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ADAMS COUNTY, Colo. -- The expression is: Everyone needs a house to live in, but a family is what makes a home.
A lesson the Gines family lives, every single day.
When Denver7 Gives first reported on the family last month, Adams County Sheriff's had determined their house was unsafe following a child welfare check.
The family has developmentally disabled children, including one daughter, Selena, who is on dialysis after two kidney transplants.
Most of the family moved into a motel, with three of the younger girls staying with a relative, and homelessness was a very real fear.
"I don't think any mother should be separated from their kids," said Bernadette Gines, the mother of the children.
That is when Denver7 Gives viewers started the heavy lifting, with several companies donating dumpsters. Valley View Christian Church cleaned out the garage and repaired the fence. Denver7 Gives paid utility and dumpster bills with donations from generous viewers.
Strangers volunteered time and money, including Laurice Frihau, who saw the Denver7 story and volunteered to coordinate resources and supplies after meeting the family.
"They love their kids. They are devoted to them. The only thing they don't have is the resources to take care of the house," said Frihau. "They're just a very committed family, and I've just fallen in love with them."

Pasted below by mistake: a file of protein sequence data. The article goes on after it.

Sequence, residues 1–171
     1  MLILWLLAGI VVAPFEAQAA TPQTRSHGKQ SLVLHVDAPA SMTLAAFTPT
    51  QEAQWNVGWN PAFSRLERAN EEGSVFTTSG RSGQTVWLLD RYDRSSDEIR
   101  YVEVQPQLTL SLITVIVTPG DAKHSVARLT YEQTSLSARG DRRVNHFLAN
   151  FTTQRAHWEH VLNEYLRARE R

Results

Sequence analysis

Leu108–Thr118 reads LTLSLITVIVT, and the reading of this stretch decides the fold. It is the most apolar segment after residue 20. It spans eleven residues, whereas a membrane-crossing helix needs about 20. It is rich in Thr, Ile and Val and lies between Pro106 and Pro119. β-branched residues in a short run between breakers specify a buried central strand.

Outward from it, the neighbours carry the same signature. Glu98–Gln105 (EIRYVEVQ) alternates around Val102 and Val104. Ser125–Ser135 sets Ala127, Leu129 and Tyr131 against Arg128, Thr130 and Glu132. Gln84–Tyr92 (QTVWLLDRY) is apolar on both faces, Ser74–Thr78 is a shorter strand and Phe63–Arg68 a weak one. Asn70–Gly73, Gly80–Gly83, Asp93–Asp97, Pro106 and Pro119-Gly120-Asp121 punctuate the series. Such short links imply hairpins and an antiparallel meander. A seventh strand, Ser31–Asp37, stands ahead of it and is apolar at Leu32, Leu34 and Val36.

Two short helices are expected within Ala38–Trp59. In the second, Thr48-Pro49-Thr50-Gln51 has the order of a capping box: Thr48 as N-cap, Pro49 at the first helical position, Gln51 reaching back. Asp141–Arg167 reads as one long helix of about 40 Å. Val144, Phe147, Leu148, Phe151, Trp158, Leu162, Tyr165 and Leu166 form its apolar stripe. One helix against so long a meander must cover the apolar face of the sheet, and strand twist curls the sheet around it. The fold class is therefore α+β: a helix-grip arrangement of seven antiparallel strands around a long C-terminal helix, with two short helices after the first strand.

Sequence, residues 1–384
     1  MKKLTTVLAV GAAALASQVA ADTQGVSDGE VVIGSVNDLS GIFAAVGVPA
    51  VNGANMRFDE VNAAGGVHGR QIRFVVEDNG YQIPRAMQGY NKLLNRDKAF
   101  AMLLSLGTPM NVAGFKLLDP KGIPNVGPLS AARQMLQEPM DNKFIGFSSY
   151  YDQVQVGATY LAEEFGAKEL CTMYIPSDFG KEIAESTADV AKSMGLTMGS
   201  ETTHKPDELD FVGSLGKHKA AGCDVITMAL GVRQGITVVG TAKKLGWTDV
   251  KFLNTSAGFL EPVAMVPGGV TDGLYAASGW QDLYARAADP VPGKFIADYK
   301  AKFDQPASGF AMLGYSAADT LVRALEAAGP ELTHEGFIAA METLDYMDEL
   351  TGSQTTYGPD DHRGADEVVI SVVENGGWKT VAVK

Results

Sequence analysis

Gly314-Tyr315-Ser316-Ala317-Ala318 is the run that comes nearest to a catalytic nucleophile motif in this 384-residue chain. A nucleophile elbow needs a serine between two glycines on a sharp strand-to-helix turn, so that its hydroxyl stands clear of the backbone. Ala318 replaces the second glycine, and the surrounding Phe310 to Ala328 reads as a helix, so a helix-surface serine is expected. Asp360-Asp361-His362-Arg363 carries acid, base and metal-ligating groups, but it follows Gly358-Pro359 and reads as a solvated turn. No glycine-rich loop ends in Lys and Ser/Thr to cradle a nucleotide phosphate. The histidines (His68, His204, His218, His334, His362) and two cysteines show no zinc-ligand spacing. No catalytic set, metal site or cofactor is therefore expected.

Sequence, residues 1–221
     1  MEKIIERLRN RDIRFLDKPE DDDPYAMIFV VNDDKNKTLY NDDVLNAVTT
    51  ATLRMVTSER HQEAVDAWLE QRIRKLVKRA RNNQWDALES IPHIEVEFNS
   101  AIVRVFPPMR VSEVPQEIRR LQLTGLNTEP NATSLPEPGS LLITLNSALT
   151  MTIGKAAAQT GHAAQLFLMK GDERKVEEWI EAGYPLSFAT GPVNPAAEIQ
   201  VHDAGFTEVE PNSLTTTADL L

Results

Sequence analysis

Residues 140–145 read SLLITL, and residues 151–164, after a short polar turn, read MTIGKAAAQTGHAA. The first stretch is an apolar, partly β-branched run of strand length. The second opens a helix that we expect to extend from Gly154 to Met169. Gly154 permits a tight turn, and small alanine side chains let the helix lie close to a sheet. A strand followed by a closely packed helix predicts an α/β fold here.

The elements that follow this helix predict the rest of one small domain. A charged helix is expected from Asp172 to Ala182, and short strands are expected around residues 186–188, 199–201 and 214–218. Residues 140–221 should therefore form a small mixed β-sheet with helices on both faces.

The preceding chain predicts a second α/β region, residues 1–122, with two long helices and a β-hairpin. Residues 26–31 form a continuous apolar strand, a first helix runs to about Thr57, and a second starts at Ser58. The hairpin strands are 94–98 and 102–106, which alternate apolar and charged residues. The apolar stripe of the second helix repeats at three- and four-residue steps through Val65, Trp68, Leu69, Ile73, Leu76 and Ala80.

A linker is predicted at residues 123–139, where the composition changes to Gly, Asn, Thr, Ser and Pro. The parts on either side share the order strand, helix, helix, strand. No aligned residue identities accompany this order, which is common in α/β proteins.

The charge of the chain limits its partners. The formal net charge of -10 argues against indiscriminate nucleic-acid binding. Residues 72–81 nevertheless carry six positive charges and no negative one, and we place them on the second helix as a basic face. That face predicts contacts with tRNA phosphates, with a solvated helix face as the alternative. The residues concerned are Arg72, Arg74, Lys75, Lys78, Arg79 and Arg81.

But even with that help, Dawn Stuart, an educational advocate who has worked with the family for several years, said they needed a Hail Mary.
"We found out the house needed some more work than what we thought," said Dawn, who said mold, a sewage leak and decades of deferred maintenance made the home too dangerous for most volunteers to enter.
So Denver7 Gives reached out to Rocky Mountain Biohazard, and the company offered to remediate the home at no cost.
"We can do whatever it takes to complete that task," said Kiersten Drake with Rocky Mountain Biohazard. "The sooner we start it, the sooner the family can get into their home and make it a home again."
And the volunteers didn't stop there. After the home is remediated, the Colorado Building Construction & Trades Council plans to bring everything up to code.
"There's going to be a lot of work, but we're in for it, and we have a lot of people ready to jump on board," Jason Wardrip with the Colorado Building Construction & Trades Council. "Three months is going to be a lift but I think we can do it."
Until the house is finished, though, the Gines family needed a place to call home.
Thanks to generous donations, Denver7 Gives and the couple's church paid three months of rent at a nearby apartment.
"We stayed in some rough motels," said Bernadette Gines. "Now, they can have the toys out, they can play and make friends. They have freedom. God bless you guys. Thank you!"
Meanwhile, Selena, the daughter who is on dialysis, had an infection while at the motel, and has been at Children's hospital for two weeks. She is scheduled to return to her family in the new apartment this week.